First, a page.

Political correctness run amuck has led to a society in which everyone gets a participation trophy, “safe zones” are set up on college campuses for overwhelmed sensitive types to get a grip, and now, businesses are setting up policies that enable a certain population to receive extra benefits simply because of normal bodily functions.
Such is the case at a U.K.-based business that has just set up a “period policy” to give long-suffering women time off work during their monthly cycle. The plan is to tap into women’s “natural rhythms” in order to create a happier and more productive work environment and erase the stigma of menstruation.
Bex Baxter crafted the initiative for her company, Coexist, where she employs 24 women and seven men. The 40-year-old claims that she has managed many women over the years who were doubled over in pain, but felt that they could not go home because they were technically not “sick.”
Baxter explained her rationale for instituting the period policy:
“At Coexist we are very understanding. We wanted a policy in place which recognizes and allows women to take time for their body’s natural cycle without putting this under the label of illness.”
She added, “There is a misconception that taking time off makes a business unproductive — actually it is about synchronising work with the natural cycles of the body.”
“For women, one of these is their menstrual cycles. Naturally, when women are having their periods they are in a winter state, when they need to regroup, keep warm and nourish their bodies.”
‘The spring section of the cycle, immediately after a period is a time when women are actually three times as productive as usual.”
Apparently, Baxter is no stranger to painful menstrual cramps which she says is part of the reason for proposing the new initiative. She also claims that the idea has been welcomed enthusiastically by staff of both genders, particularly amongst the younger generation — the ones who lived their entire lives receiving those aforementioned participation trophies.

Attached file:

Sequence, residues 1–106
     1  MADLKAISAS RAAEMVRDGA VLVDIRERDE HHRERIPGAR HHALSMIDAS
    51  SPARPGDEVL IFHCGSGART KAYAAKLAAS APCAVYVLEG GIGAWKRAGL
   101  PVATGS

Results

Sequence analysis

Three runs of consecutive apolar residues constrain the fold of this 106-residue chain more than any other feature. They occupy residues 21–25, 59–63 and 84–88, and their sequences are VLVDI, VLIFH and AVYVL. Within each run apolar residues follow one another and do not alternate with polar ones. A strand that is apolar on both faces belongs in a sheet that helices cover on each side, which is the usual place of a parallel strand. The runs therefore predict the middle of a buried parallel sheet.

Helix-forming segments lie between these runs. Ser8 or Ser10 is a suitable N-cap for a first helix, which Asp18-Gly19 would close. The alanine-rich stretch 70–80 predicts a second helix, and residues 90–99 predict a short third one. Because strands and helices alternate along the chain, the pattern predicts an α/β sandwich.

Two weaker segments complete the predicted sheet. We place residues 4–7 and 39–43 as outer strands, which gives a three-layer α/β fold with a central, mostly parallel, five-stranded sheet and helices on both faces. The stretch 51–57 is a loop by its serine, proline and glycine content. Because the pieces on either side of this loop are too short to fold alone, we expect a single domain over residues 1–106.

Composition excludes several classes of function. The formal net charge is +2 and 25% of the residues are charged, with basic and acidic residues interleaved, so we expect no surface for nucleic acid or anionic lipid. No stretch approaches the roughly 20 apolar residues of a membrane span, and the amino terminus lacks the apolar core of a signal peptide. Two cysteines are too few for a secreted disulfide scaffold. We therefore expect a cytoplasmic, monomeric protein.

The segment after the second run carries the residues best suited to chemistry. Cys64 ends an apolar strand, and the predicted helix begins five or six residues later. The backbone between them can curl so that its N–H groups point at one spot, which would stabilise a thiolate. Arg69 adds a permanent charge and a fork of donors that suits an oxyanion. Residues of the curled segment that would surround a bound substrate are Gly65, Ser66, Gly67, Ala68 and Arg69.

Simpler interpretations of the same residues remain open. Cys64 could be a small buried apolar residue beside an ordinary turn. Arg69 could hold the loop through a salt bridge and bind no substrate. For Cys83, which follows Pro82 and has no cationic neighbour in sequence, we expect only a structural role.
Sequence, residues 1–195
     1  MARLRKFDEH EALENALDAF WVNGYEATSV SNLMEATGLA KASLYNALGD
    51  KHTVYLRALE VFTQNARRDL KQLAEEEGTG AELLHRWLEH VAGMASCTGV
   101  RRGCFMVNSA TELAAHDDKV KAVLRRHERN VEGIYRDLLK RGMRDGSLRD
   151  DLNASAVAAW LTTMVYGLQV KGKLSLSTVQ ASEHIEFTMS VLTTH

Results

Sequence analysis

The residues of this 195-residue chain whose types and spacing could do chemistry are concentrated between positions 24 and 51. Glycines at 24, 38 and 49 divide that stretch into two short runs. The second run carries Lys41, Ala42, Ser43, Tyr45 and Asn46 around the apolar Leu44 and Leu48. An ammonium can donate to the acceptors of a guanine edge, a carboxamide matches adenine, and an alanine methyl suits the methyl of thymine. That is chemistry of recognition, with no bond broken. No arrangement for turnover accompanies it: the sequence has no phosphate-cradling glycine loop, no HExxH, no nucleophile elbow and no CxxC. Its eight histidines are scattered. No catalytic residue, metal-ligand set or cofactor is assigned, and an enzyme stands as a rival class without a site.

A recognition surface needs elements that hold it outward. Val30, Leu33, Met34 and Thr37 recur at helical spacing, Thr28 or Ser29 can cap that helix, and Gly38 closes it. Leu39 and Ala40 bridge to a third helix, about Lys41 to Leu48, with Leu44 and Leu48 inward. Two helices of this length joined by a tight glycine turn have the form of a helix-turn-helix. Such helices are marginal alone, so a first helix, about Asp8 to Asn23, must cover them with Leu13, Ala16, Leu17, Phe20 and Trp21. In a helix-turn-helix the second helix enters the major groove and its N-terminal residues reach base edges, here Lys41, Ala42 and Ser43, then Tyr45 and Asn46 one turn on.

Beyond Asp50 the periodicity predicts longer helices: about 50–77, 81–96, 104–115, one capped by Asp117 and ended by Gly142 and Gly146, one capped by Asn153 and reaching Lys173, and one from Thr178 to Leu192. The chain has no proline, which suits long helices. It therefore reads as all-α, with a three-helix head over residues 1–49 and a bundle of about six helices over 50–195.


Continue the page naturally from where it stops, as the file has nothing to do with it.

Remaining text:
The British director insists that if men had periods this policy would have been instituted sooner. “It’s not just about taking time off if you feel unwell – but about empowering people to be their optimum selves,” she stated, adding, “If you work with your natural rhythms, your creativity and intelligence is more fulfilled and that’s got to be good for business.”
Period policies may be new in the U.K. but have been in place in some Asian countries for years. According to Daily Mail, menstrual leave began in Japan in 1947 and other countries including South Korea, Taiwan and Indonesia also have laws in place allowing women to take time off work during their period.
Most recently, a province in Chinese province agreed to give women paid monthly leave if they produce a doctor’s letter.
Sportswear giant Nike is believed to be the only worldwide company to officially include menstrual leave as part of their Code of Conduct.
No doubt, the menstrual movement will spur liberal policy makers to consider the benefits of working with women’s natural cycles in order to spur increased productivity — never mind the extra financial burden placed on the business or the other employees who must take up the slack.
If women want to be perceived as equals in the workplace, initiating polices which by definition are created to coddle females as more fragile and needing extra care is probably not the best rule of thumb to achieve that goal. What would Rosie the Riveter think?
h/t: Mad World News